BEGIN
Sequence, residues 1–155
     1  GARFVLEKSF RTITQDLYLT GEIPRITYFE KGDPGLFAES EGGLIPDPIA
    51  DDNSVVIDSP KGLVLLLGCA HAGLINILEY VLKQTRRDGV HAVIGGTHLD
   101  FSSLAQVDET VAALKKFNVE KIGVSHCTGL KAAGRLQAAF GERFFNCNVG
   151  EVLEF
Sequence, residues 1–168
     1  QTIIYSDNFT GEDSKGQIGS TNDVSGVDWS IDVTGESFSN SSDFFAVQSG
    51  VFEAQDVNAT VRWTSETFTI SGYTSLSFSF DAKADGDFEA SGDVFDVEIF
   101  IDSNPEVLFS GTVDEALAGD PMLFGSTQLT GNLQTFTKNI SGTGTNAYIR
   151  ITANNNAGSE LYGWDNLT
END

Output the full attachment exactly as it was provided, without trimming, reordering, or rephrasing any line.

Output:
Sequence, residues 1–155
     1  GARFVLEKSF RTITQDLYLT GEIPRITYFE KGDPGLFAES EGGLIPDPIA
    51  DDNSVVIDSP KGLVLLLGCA HAGLINILEY VLKQTRRDGV HAVIGGTHLD
   101  FSSLAQVDET VAALKKFNVE KIGVSHCTGL KAAGRLQAAF GERFFNCNVG
   151  EVLEF
Sequence, residues 1–168
     1  QTIIYSDNFT GEDSKGQIGS TNDVSGVDWS IDVTGESFSN SSDFFAVQSG
    51  VFEAQDVNAT VRWTSETFTI SGYTSLSFSF DAKADGDFEA SGDVFDVEIF
   101  IDSNPEVLFS GTVDEALAGD PMLFGSTQLT GNLQTFTKNI SGTGTNAYIR
   151  ITANNNAGSE LYGWDNLT